THE BLURB: Ted Lyte, amateur thief, has chosen an isolated house by the coast for his first robbery. But Haven House is no ordinary country home. While hunting for silverware to steal, Ted stumbles upon a locked room containing seven dead bodies. Detective Inspector Kendall takes on the case with the help of passing yachtsman Thomas Hazeldean. The search for the house’s absent owners brings Hazeldean across the Channel to Boulogne, where he finds more than one motive to stay and investigate.
MY THOUGHTS: J. Jefferson-Farjeon is one of my favorite golden age detective story writers. His writing is both atmospheric and compelling, yet at the same time he manages to inject it with an underlying wry sense of humour.
Seven Dead is a locked room mystery. Seven bodies are discovered in a room where the shutters have been nailed closed and the key is in the lock on the outside of the room. Add a note with a cryptic clue and the portrait of a pretty young girl with a bullet hole through her heart, and the mystery deepens.
I first encountered Detective Inspector Kendall in Jefferson-Farjeon’s The Z Murders, and then Thirteen Guests, both titles that have been republished by Poisoned Pen Press as part of the British Library Crime Classics series. He is a decisive man, very thorough in his investigative techniques, and a deep thinker. He is, rather unusually for this period, a relatively realistic police detective without any of the affectations so commonly given to characters in this era.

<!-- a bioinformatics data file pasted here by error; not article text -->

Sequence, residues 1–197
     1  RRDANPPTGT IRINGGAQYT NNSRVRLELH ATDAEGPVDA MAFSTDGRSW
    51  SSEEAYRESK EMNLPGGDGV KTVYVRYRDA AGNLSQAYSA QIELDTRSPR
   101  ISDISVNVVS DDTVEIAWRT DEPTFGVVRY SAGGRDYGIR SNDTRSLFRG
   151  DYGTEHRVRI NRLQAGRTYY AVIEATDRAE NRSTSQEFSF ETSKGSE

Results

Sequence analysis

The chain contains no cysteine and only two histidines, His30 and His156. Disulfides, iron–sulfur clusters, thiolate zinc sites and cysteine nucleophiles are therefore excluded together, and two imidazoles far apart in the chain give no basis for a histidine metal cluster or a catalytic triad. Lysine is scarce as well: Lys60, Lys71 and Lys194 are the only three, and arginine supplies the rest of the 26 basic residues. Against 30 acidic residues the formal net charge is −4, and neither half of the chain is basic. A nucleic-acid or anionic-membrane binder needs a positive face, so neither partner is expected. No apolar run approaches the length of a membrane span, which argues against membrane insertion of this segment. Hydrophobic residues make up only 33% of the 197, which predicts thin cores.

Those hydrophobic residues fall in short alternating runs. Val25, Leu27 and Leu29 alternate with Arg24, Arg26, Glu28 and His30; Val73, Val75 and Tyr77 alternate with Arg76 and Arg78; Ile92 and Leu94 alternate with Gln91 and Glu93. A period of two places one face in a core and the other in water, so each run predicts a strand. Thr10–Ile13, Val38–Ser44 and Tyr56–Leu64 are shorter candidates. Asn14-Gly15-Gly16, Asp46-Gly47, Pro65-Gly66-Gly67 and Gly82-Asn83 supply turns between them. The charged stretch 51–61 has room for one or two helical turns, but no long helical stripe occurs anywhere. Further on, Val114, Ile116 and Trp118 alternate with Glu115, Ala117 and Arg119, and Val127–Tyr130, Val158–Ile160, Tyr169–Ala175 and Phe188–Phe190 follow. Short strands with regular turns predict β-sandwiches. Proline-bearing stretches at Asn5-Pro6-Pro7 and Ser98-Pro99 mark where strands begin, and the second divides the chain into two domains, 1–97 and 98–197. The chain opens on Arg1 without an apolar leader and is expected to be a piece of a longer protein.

He is aided and abetted in his investigation by a young journalist and yachtsman, Hazeldean, who had inadvertently stumbled upon burglar Ted Lyte fleeing the crime scene, his pockets full of silverware. He becomes obsessed with the painting of the girl and is determined to find her.
There are plenty of twists and unexpected turns in this story, and I became a little obsessed myself with the relevance of the silk trader.
Early on in the book, one of the characters, I think it was Kendall, says ‘There’s some mighty queer story behind all this. ‘, and he’s right. Not only queer, but compelling. Seven Dead was almost a five star read, but the ending fell a little short for me.
Thank you to Poisoned Pen Press via Netgalley for providing a digital copy of Seven Dead by J. Jefferson-Farjeon for review. All opinions expressed in this review are entirely my own personal opinions.
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This review and others are also published on my Goodreads.com page https://www.goodreads.com/review/show/2283377437